Welcome to the new Independent website. We hope you enjoy it and we value your feedback. Please contact us here.

LEADING ARTICLE:Life in the Crescents

The thunder rolls and the clouds part. A gigantic blue finger descends and points, completely randomly, at one of our ordinary fellow citizens. Perhaps an obviously needy, but utterly respectable pensioner, with a bushy white moustache. Or will it be the His-a-Mondeo-hers-a-Micra, one-of-each-sex couple? Luck may even strike today for the slightly scruffy, but well-scrubbed teenager; rebel with a roller-blade. You can infer their life histories from their appearances and from the interior idiom of TV advertising. They, like us, lead normal existences with breakfast at eight, DIY fixations, friends at the pub and aspirations to do just that little bit better.

So why then does the big digit keep on singling out drunks, serial divorcees and people whose families would like them dead? Mark Gardner, winner of pounds 11m, is 33 and has already left three wives. He gets through one every five years and the rate is accelerating. They are not happy with him, but his adoptive mother is even more bitter. Her bid for a share of the windfall was not calculated to succeed - "If God was in his heaven he wouldn't have given a penny to Mark," she said, adding, "I hope he drinks himself to death." He says he will buy himself a new van, so he should have enough left over.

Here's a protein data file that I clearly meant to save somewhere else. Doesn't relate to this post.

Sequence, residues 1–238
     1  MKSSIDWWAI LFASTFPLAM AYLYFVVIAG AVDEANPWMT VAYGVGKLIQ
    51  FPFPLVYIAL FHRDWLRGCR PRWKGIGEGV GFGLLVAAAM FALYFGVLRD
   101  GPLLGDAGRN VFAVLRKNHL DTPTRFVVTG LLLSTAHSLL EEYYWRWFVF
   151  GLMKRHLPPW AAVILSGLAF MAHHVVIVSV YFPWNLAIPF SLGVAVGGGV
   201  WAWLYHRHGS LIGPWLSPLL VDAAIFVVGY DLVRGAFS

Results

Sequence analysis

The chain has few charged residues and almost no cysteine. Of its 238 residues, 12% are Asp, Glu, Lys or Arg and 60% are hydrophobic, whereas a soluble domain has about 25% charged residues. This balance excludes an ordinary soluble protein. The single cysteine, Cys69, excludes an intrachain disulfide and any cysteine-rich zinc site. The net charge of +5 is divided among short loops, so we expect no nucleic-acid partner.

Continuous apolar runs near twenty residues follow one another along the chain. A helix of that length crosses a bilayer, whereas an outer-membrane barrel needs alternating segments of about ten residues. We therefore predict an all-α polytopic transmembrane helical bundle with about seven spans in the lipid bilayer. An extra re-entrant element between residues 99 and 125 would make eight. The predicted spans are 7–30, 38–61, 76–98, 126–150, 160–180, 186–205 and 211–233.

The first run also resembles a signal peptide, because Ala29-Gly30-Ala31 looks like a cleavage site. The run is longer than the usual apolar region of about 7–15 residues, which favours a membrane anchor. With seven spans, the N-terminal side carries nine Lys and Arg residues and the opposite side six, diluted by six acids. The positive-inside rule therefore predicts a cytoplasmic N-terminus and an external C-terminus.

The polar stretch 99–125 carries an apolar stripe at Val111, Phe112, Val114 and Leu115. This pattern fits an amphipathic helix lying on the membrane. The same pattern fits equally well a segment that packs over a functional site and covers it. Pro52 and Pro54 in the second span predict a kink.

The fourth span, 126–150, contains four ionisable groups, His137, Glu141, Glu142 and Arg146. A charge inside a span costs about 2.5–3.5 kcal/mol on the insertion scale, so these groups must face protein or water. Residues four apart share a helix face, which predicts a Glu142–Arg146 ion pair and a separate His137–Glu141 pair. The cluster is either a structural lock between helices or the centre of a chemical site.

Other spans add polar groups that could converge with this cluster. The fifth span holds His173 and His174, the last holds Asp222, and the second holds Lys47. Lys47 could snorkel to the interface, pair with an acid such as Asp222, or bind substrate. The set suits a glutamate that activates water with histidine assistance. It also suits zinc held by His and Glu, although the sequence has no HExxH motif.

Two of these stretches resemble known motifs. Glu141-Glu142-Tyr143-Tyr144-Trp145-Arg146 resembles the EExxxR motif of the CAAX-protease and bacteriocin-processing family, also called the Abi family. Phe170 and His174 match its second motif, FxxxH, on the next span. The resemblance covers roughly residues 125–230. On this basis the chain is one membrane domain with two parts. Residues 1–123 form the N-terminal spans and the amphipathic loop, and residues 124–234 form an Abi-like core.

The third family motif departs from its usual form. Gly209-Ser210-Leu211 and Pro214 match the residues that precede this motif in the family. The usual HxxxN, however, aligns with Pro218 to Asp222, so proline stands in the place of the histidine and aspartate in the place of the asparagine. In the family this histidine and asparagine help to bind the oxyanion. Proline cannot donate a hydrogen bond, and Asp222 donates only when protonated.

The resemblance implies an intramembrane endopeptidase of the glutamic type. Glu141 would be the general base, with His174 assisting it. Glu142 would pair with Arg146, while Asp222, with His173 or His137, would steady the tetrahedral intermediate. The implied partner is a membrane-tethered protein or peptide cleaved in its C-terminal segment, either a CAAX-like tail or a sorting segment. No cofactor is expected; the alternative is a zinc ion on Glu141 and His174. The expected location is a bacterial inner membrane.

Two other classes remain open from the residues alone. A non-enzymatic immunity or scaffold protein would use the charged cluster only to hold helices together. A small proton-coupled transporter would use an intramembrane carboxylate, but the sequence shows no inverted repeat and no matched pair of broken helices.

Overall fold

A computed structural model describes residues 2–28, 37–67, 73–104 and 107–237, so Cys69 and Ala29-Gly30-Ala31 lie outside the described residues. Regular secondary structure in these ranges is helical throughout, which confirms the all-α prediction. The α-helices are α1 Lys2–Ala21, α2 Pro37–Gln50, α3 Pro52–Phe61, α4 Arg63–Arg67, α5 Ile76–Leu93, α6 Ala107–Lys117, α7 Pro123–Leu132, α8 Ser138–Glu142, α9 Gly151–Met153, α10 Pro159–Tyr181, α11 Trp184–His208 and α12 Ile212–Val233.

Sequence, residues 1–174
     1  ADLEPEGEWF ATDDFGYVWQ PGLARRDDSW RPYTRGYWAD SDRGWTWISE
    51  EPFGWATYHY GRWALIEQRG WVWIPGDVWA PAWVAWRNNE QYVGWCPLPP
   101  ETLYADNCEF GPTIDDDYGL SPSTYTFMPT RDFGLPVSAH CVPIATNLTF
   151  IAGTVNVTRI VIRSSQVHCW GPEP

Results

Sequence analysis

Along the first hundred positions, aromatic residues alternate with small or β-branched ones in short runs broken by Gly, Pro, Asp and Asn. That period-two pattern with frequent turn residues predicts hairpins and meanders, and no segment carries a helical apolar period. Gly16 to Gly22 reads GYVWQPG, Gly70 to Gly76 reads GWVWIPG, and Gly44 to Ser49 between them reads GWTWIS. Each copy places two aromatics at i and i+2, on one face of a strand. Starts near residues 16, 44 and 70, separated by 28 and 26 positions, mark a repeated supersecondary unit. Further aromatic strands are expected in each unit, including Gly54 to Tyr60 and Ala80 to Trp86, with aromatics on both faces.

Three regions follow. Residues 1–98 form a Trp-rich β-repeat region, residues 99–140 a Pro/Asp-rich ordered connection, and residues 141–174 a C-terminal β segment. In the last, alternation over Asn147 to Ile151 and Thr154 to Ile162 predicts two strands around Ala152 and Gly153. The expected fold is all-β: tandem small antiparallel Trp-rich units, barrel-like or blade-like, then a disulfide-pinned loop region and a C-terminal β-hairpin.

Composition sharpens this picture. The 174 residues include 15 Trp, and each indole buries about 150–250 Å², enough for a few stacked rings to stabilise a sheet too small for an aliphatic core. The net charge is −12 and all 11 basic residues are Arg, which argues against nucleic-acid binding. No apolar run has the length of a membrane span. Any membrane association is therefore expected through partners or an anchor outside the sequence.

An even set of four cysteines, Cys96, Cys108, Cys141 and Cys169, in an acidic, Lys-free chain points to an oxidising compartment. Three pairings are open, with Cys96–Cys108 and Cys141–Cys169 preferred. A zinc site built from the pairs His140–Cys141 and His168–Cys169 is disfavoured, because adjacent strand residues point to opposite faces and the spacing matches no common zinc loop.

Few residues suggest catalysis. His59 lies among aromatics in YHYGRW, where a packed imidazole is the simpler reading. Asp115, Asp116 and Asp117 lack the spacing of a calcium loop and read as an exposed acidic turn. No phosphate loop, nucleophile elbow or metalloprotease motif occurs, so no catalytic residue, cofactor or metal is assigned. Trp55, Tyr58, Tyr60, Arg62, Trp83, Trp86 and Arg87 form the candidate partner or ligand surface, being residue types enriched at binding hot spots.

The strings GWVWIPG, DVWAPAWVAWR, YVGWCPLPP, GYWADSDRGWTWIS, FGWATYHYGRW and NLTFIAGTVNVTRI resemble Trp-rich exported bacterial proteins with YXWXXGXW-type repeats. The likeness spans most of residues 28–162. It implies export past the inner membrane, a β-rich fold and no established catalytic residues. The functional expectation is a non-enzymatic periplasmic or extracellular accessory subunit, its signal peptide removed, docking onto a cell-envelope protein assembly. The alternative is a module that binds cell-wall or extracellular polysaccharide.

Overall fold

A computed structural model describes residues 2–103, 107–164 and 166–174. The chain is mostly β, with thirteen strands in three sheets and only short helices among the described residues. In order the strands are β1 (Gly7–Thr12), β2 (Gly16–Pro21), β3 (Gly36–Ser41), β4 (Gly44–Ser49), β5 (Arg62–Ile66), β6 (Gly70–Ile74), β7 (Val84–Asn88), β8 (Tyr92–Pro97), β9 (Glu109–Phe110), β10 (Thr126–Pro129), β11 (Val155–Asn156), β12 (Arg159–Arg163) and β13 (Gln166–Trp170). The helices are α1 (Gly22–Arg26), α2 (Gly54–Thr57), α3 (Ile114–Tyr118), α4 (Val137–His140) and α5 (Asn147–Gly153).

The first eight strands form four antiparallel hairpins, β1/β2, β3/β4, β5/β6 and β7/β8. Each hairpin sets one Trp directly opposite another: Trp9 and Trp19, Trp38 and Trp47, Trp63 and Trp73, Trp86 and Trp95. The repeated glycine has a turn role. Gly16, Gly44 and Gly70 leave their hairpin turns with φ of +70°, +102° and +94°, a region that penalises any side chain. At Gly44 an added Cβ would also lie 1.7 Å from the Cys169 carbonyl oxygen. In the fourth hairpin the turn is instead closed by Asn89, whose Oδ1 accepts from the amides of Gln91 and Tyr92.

Mr Gardner, a glazier from Hastings (last known, with wonderful irony, to be living in Robert Tressell Crescent, named after the author of The Ragged Trousered Philanthropists), is only the latest TV ad anti-hero to win big. Car thieves, petty criminals and the products of broken homes seem to have stolen many of the lottery winners headlines so far. The famous Asian victor was said to be plagued by family disputes and religious objections.

Why? We do not buy the notion of a "lottery curse", blighting the lives of winners not just after, but also before, victory.

Jealousy is another explanation. Let us thank God that Mr Gardner is no pin-up, nor is he a member of Mensa, nor can he play the viola to concert standards. It is bad enough that someone else has to win the money at all. So it is just human nature to concentrate (and exaggerate) the failings and unhappinesses of big winners.

But here is a classic thought for the day. The true meaning of the Gardner case - and the revelations about some of the other winners - is what it tells us about ourselves. The flashlight of publicity is suddenly switched on to reveal the goings-on in the Crescents, Avenues, Closes and Mewses, without discrimination. And what we find are stories that make the adulteries of politicians and the perversions of priests seem relatively straightforward and normal. Out there (in here) is a world of broken marriages, unhappy relationships, alcoholism, unstable friendships and messy, difficult lives. This is the real world.